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UN Chief Welcomes 'Orderly Conduct' of Thai Election

Thai people queue up at a polling center to vote in Thailand's general election in Bangkok, Thailand, July 3, 2011

U.N. Secretary-General Ban Ki-moon is welcoming the "orderly conduct" of Thailand's parliamentary election, as victorious Puea Thai leaders begin talks on forming a government.

Ban issued his statement from New York late Monday, saying he hopes the voting will help "consolidate democracy, reconciliation and stability" in Thailand. A pan-Asian monitoring group, the Asian Network for Free Elections, was expected to announced the results of its observation mission in Bangkok Tuesday.

Also in Bangkok, Puea Thai leader Yingluck Shinawatra met Tuesday with party leaders for talks that were expected to include a preliminary discussion of cabinet posts.

Yingluck, who is expected to be confirmed as Thailand's first female prime minister when parliament convenes, announced Monday the formation of a coalition with four smaller parties that will command almost three-fifths of the seats in parliament.

Since her commanding victory in Sunday's election, Yingluck has stressed her desire for reconciliation after years of national discord following a military coup that ousted her elder brother, former prime minister Thaksin Shinawatra, in 2006.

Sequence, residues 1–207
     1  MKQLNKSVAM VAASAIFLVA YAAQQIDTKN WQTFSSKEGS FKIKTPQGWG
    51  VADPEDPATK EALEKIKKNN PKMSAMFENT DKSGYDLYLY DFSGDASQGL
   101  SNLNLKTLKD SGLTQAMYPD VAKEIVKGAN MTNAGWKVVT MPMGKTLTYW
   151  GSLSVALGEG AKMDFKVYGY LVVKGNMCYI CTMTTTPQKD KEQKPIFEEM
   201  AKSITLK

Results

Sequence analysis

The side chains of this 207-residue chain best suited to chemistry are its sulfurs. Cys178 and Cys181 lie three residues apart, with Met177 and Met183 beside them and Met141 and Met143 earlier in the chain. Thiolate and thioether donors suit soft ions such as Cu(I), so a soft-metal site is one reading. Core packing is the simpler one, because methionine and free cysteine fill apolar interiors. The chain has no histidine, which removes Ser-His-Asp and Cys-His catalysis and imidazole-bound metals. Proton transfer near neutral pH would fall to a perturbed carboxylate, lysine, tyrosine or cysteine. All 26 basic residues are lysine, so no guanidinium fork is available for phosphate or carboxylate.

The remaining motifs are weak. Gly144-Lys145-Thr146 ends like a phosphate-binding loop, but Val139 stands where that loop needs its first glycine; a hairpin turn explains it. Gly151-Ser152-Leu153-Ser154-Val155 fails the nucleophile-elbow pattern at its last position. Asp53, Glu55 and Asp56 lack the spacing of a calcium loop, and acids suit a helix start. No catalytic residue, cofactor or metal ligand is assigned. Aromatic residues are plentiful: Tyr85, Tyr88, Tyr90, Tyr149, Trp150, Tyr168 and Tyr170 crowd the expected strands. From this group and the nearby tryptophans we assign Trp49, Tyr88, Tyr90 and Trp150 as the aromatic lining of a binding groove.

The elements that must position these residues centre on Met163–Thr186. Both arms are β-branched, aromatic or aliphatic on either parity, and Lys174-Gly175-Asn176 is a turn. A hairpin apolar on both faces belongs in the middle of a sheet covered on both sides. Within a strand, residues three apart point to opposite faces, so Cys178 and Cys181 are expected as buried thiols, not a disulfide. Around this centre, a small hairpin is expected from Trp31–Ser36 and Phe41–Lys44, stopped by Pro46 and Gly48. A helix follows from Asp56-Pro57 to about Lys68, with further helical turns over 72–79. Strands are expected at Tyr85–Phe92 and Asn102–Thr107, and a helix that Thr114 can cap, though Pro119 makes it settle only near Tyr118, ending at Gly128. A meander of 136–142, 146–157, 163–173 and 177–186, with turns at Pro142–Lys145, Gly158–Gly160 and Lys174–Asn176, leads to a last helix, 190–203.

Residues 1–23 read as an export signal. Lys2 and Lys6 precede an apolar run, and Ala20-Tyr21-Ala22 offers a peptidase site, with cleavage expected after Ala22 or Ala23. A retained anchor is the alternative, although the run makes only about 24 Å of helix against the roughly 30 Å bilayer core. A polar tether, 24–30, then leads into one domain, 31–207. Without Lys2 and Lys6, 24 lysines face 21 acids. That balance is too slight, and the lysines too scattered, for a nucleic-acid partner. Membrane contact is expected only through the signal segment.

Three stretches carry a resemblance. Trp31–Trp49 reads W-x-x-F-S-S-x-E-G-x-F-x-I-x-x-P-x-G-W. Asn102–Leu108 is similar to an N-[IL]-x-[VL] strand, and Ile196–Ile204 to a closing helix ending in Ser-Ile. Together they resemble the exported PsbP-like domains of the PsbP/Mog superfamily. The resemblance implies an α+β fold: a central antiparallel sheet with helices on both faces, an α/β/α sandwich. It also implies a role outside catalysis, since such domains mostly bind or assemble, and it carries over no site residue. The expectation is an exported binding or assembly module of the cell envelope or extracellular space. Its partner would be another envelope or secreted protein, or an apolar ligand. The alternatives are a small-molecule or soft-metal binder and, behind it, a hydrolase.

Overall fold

The 44-year-old political novice told reporters Tuesday that no Cabinet positions will be decided until the election results are formally certified. But when announced, the selections will be closely watched for signs of how much influence Thaksin will have over the new government.

Outgoing Defense Minister General Prawit Wongsuwon insisted Monday that the armed forces will accept the results of Sunday's election and not attempt to interfere. But analysts say the coup-prone military will not be pleased if Yingluck moves quickly toward a pardon for her brother or a detailed investigation of last year's violence between soldiers and pro-Thaksin Red Shirt demonstrators that took more than 90 lives.

Thaksin is currently living in Dubai to avoid a prison sentence in Thailand on corruption charges that he says were politically motivated. He has told reporters since the election that he is not interested in resuming an active role in Thai politics.

Some information for this report was provided by AP, AFP and Reuters.